The clustering of codes and allocation to the high-level categories provided the basis for the formation of categories which were then analysed to highlight patterns and themes. To facilitate this process, a level of quantitative translation and analysis assisted in highlighting various dimensions of the cases under review. As the data generated from the coding was categorical in nature, univariate analysis through frequency counts was used to interpret the data. Tests for statistical significance were carried out on the frequency data using the z-test (Lomax, 2001) to make inferences about statistical significance of the differences in frequency proportions per category.
4.1 Motivational drivers
The empirical phase of the study tested whether the motivations for voluntary corporate action in respect of climate change fell into the three categories proposed by the conceptual framework. If not, the model needed to be adapted and extended for unique features of voluntary climate change actions or issues specific to the South African market. In addition, this study tested whether companies, perceived to be more responsible or accountable from a sustainability perspective, displayed differing motivations from companies considered to be less responsible or accountable.
The coding process of both interviews and supporting documents resulted in a total of 670 individual coding instances which in turn linked to 129 preliminary codes. These preliminary codes were reviewed to highlight common themes, which allowed for the division into fourteen code clusters. Decision rules were applied to each code cluster to facilitate final categorisation. The code clusters were ultimately linked to three code categories. Figure 3 illustrates the coding and categorisation process. provides a brief description of each cluster and examples of the preliminary codes linked to a particular cluster. In addition highlights the decision rules applied in the final categorisation process.
Table 3 provides an overview of the code counts per cluster and category. As illustrated in Table 3, all of the data sources contained codes related to the 14 cluster categories. The code categories were observed in the data from each sector. This illustrated the broader applicability of the model providing evidence that from a literal replication perspective, the proposed conceptual model incorporated motivational drivers relevant to multiple industries. This appears to support the use of the proposed conceptual framework to classify motivational factors for voluntary action to mitigate climate change.
This study found that all the motivational factors driving voluntary climate change action in the six South African companies reviewed could be categorised in terms of the three key driver categories of the proposed conceptual framework. In addition, the study revealed a number of clusters associated with each key driver which contained additional information regarding company motivations.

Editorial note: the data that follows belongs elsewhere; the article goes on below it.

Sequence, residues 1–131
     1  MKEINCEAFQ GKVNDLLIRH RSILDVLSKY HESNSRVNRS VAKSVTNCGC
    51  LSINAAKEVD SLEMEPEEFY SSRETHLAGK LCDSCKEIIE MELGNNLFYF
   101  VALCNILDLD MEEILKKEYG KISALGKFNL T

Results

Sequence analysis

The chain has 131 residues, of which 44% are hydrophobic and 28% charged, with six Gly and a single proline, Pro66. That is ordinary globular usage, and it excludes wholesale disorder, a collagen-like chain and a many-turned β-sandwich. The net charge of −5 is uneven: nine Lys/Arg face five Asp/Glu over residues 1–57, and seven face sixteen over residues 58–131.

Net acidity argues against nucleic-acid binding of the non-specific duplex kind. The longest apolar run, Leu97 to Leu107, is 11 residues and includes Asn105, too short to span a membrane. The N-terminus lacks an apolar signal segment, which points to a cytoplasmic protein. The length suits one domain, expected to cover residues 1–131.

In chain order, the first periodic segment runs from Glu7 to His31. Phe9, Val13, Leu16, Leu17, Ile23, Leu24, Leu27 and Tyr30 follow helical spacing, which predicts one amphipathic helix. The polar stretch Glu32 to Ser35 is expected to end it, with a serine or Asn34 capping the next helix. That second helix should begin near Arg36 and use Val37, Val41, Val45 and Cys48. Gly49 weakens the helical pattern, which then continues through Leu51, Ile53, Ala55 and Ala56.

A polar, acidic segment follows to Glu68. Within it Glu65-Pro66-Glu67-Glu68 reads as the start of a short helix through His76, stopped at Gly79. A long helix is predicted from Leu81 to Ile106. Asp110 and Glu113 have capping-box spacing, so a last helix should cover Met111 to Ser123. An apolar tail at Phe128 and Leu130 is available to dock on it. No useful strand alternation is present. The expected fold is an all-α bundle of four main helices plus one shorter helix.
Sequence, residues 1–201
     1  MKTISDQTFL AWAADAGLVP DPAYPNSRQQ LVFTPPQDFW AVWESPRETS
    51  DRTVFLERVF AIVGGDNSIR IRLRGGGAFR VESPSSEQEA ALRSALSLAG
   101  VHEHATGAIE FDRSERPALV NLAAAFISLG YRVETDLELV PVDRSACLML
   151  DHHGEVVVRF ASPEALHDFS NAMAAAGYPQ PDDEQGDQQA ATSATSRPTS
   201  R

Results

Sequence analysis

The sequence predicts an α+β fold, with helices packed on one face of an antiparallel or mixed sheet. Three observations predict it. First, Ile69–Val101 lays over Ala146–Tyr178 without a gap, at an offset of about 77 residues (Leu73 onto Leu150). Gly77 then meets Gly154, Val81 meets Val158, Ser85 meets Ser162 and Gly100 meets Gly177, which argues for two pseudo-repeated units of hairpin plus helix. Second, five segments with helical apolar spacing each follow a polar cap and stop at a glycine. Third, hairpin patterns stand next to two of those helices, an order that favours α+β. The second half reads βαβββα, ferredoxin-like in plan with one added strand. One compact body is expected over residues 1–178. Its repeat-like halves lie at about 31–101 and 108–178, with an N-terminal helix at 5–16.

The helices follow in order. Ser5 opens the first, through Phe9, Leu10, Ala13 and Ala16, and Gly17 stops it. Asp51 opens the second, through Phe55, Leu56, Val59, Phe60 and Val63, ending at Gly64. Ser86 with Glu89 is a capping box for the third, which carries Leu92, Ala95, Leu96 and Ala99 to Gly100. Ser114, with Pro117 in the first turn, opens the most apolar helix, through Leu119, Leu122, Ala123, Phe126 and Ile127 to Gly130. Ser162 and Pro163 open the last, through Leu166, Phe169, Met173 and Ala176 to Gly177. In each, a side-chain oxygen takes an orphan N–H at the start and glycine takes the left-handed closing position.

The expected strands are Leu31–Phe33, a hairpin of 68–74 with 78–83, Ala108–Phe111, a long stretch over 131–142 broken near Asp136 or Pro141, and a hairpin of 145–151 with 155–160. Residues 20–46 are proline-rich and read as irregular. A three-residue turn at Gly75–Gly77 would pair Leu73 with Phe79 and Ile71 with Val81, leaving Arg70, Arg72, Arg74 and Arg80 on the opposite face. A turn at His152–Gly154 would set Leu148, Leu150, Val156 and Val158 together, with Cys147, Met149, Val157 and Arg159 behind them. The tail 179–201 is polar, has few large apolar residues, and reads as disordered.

When considering the results of the theoretical replication aspect of this study, the focus shifted to identifying whether differences were observed between particular companies within each sector. From the perspective of motivational drivers, the main difference observed between top ranked companies (A1, B1 and C1) and the lower ranked companies (A2, B2 and C2) was not necessarily observed at a code category level. No statistically significant differences were observed between the frequency of occurrence of codes in support of each category for companies in each sector. Rather the differences were observed in the particular strategies and the specific code clusters emphasised by each company in the interviews and supporting documents.
The data analysis of code cluster differences focussed on identifying which company in each sector highlighted particular clusters with a greater frequency than its sector counterpart. Table 4 provides details of which company per sector scored a higher frequency proportion per cluster. The difference is considered to be statistically significant at the 90% confidence interval. This analysis facilitates a comparison of companies which lead and lag in terms of sustainability within each sector.
The key differentiating factors observed between companies that lead and lag in terms of sustainability are present at a general climate change strategy level. The code clusters emphasised by companies in the interviews and supporting documents provide insights into the factors motivating the adoption of particular strategies. From a climate change strategy approach, all top ranked companies had adopted climate change mitigation strategies and had set targets for emission reductions. Two of the three companies (A1 and B1) stated the intention of taking a leadership role in climate change mitigation in their sector. The third company, C1, while not adopting a leadership position in respect of climate change specifically, was focussed on positioning itself as a socially responsible investment with the required focus on environmental and climate change issues that such positioning requires.